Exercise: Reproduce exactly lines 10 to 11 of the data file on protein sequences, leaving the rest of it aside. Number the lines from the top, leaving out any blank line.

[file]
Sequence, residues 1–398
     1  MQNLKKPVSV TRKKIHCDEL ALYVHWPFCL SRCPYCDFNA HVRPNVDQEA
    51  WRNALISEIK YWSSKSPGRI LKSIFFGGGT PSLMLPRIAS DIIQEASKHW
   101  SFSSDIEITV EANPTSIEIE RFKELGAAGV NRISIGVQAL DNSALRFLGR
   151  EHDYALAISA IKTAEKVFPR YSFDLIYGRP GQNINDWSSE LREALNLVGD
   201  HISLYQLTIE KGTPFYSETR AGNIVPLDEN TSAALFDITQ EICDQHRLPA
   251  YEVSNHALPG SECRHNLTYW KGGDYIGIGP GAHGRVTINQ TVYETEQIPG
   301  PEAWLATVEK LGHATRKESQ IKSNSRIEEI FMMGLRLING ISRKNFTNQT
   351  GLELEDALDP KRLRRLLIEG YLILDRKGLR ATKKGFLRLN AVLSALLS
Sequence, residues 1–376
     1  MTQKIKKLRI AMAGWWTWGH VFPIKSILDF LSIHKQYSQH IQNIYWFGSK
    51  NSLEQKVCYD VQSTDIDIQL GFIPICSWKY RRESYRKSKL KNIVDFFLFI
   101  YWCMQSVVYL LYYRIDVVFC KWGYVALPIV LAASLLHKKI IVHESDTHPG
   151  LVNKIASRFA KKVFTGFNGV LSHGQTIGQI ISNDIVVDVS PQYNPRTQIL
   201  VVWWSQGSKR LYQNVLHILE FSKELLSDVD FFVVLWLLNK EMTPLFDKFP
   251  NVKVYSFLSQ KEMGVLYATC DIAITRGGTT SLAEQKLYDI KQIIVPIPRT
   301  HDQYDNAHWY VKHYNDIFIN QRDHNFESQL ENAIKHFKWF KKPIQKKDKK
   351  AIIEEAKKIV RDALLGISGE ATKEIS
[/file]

Sequence, residues 1–376
     1  MTQKIKKLRI AMAGWWTWGH VFPIKSILDF LSIHKQYSQH IQNIYWFGSK